Armed with her potassium bromide technique, Stimson was able to not only confirm the structure of DNA nucleotide bases, but also study how they were connected in the DNA double helix structure, literally turning the flawed models inside out.

Stimson has not received much credit for her contribution to DNA; the Nobel Prize for the discovery of DNA went to Watson, Crick, and Maurice Wilkins (a colleague of Rosalind Franklin) in 1962. She was, however, invited to lecture at the Sorbonne in Paris, the second woman ever following Marie Curie, and she received international recognition for her extensive work in spectroscopy.

She was also able to make an impact at her small home school in Michigan, where she was known as M2 (that’s M squared to you). In addition to running her cancer chemistry lab for more than 30 years, she founded an addiction counseling program and introduced undergraduate level research to the university.

While most sources don’t describe how Sister Miriam Michael Stimson thought about her work in the context of her religion, one article describes her saying, “Sister Miriam saw her scientific work as a means of discovering truth that would lead us closer to God.” Her former student and colleague, Sister Sharon Weber, said after Stimson's death, "the spirit of the Dominican search for truth was a very high value of hers, that in coming to know truth we know more about God." 

While now scientists overall tend to be considerably less religious than the general population (33% vs. 83%, respectively, according to a Pew study in 2009), historically this has not been the case. Many of the greats – Galileo, Newton, Descartes, Pascal – were deeply religious, and many Nobel prize winners have also been publicly religious like Dr. Christian Anfinsen (biochemistry of RNA), Dr. Arthur Schawlow (on lasers), and even Dr. Arno Penzias of Bell Labs (for the first observation of the universal microwave background radiation).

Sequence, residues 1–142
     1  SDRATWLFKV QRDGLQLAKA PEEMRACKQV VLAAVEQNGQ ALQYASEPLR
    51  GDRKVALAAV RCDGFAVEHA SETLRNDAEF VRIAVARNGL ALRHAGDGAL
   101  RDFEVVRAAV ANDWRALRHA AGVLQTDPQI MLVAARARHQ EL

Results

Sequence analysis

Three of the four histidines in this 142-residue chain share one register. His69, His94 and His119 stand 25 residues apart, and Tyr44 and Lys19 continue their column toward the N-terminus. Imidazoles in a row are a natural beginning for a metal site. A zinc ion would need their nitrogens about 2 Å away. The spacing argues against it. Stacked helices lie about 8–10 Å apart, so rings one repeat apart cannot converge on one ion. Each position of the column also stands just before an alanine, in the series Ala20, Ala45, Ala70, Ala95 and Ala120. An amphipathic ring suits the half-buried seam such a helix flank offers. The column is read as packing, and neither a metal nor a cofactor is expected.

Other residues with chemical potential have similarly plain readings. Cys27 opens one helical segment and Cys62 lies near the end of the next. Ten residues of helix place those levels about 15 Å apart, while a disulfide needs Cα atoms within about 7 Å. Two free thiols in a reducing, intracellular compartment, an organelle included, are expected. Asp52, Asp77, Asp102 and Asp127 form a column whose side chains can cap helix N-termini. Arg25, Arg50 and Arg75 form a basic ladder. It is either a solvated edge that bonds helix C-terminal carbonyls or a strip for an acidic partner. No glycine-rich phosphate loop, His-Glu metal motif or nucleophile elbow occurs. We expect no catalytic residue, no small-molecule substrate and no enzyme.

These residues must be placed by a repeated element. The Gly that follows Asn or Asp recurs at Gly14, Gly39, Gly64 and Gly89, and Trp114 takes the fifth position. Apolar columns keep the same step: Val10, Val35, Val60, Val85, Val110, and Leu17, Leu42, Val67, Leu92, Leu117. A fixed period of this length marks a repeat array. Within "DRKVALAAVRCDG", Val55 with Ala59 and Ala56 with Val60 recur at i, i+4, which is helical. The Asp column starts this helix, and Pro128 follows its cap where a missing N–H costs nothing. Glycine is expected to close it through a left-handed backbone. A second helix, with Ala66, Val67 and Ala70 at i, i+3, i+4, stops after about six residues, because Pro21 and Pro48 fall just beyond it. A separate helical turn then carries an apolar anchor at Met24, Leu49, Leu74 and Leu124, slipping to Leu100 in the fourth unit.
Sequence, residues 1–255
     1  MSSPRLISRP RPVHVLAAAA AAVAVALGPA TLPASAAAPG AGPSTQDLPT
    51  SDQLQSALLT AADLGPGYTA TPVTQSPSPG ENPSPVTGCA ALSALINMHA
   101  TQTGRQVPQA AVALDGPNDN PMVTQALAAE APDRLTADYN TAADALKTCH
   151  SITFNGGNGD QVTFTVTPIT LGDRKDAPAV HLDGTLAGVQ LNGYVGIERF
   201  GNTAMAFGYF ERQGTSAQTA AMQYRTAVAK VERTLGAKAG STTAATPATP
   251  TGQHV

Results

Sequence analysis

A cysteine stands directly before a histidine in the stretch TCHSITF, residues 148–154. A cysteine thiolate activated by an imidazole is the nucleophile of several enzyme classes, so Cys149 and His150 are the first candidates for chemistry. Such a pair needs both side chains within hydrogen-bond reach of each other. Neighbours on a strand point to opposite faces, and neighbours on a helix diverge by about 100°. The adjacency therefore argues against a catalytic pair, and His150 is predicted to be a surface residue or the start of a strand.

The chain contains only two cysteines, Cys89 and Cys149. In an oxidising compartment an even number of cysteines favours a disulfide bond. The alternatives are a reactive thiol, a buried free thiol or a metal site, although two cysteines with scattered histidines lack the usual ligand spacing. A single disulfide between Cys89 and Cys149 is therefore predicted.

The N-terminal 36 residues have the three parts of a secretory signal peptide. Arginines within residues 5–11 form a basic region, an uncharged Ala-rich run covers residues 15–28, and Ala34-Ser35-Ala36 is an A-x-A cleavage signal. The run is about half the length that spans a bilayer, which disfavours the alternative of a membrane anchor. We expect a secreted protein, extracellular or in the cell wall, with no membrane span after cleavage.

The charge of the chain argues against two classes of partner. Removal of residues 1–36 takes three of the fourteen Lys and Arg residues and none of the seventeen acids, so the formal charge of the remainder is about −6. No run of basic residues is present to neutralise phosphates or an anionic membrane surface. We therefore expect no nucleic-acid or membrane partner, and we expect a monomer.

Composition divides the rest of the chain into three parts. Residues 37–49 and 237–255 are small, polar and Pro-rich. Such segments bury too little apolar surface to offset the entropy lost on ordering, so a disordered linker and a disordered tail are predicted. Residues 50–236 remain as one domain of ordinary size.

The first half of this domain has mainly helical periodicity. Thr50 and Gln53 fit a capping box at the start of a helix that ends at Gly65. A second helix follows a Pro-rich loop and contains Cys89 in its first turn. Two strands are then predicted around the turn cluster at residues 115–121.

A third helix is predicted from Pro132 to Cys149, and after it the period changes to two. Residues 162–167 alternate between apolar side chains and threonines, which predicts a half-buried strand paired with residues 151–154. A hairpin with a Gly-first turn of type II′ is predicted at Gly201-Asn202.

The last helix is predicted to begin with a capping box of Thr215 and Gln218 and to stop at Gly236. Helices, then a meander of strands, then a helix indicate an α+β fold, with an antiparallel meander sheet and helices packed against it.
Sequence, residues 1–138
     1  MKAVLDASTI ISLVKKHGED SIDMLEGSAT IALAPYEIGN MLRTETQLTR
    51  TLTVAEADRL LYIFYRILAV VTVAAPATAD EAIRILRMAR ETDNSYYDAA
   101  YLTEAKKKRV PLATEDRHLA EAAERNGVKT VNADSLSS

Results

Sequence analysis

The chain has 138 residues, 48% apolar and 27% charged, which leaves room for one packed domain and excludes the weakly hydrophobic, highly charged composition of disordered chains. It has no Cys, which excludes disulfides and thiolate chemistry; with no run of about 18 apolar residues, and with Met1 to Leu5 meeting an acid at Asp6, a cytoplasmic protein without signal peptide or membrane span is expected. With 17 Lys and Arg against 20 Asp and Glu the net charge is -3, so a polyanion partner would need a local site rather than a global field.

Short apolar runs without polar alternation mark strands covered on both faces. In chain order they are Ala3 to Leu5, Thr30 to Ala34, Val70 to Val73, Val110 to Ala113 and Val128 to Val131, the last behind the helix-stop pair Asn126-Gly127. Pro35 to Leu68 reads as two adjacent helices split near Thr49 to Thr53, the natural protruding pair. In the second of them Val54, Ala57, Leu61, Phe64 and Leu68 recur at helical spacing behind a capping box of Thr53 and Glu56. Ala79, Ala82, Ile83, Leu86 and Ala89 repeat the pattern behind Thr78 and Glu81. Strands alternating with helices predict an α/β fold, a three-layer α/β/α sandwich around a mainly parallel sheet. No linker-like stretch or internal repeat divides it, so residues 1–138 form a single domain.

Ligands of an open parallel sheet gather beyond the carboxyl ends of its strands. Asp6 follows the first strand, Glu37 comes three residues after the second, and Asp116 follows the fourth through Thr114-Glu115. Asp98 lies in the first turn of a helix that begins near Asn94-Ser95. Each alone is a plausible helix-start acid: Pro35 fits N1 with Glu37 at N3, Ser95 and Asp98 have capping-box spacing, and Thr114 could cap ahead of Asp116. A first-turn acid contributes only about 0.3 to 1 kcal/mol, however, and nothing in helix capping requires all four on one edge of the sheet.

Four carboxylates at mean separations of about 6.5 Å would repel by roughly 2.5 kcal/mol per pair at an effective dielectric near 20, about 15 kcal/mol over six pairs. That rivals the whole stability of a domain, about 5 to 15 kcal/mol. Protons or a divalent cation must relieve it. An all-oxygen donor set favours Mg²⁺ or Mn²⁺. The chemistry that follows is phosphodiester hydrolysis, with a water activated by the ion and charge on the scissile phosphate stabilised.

A recent study from Rice University found that 45% of scientists in the UK don’t believe in God, compared to 18% of the public. Sociology professor and lead author Elaine Howard Ecklund attributes this to not simply intellectualism, but also to social forces, saying:

“Elite scientists might express less religiosity because they assume that, as elite scientists, they are supposed to be or need to be less religious to fit a professional ideal. Because they might already be on the fringes of that professional ideal in the first place, non-elite scientists may feel less social and cultural pressure to further conform to it.”

This isn’t the first time this conversation has come up, nor is it the last. Most recently, President Barack Obama nominated Frances Collins, famous geneticist and outspoken evangelical Christian to be director of the  National Institutes of Health. As we continue the conversation around who can be a scientist, what scientists are supposed to act like, and how communities in science can be more inclusive, Sister Miriam Michael Stimson may serve as an example of someone who deeply cared about humanity and used her skills in the lab to advance knowledge for all humankind.